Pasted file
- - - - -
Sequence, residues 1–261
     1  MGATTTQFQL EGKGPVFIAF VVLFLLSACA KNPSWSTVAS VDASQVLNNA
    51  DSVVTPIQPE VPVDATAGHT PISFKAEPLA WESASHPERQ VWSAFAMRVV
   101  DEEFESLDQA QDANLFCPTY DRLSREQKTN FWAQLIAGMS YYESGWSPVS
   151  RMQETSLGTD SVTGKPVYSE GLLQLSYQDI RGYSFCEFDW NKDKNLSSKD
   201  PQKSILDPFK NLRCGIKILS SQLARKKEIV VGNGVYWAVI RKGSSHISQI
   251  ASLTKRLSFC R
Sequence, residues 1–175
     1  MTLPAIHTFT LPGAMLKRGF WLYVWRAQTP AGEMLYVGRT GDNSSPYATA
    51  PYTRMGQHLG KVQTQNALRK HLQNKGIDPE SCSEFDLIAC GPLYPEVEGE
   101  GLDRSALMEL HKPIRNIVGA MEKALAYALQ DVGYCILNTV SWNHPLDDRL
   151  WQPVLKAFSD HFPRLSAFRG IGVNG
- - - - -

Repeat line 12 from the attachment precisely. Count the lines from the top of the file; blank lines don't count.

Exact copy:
   151  WQPVLKAFSD HFPRLSAFRG IGVNG